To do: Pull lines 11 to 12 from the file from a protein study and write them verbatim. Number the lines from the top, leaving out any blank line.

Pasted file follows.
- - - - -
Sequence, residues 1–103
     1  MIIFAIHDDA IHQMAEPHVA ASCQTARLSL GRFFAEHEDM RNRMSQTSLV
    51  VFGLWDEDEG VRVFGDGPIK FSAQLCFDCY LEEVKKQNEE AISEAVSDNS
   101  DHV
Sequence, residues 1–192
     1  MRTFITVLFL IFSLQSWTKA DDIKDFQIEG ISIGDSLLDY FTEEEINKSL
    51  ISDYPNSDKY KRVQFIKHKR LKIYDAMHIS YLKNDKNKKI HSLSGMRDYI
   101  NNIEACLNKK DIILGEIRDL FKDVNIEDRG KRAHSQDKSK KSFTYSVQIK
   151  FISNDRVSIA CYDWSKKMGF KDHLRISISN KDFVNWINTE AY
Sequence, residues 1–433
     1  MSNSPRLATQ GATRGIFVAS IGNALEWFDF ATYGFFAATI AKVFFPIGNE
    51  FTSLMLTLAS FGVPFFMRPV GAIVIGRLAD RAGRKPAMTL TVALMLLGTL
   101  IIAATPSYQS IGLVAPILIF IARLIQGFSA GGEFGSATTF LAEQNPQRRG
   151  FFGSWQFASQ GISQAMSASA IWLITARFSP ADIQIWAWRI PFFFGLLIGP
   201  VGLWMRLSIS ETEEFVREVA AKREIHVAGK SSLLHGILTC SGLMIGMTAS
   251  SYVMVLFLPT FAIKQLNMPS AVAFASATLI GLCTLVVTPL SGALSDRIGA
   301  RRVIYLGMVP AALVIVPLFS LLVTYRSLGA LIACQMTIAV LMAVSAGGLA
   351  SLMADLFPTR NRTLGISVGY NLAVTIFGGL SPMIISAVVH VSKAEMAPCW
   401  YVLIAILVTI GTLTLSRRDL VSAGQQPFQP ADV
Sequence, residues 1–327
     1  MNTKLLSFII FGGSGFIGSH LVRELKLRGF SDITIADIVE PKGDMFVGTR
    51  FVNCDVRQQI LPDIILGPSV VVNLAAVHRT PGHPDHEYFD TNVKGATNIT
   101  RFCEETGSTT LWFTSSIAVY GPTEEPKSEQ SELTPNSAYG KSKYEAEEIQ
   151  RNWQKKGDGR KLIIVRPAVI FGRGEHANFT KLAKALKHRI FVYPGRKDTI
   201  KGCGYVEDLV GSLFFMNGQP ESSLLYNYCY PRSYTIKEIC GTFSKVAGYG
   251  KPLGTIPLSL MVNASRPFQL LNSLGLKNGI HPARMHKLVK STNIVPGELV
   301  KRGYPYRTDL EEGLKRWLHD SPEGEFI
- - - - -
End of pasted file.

     1  MSNSPRLATQ GATRGIFVAS IGNALEWFDF ATYGFFAATI AKVFFPIGNE
    51  FTSLMLTLAS FGVPFFMRPV GAIVIGRLAD RAGRKPAMTL TVALMLLGTL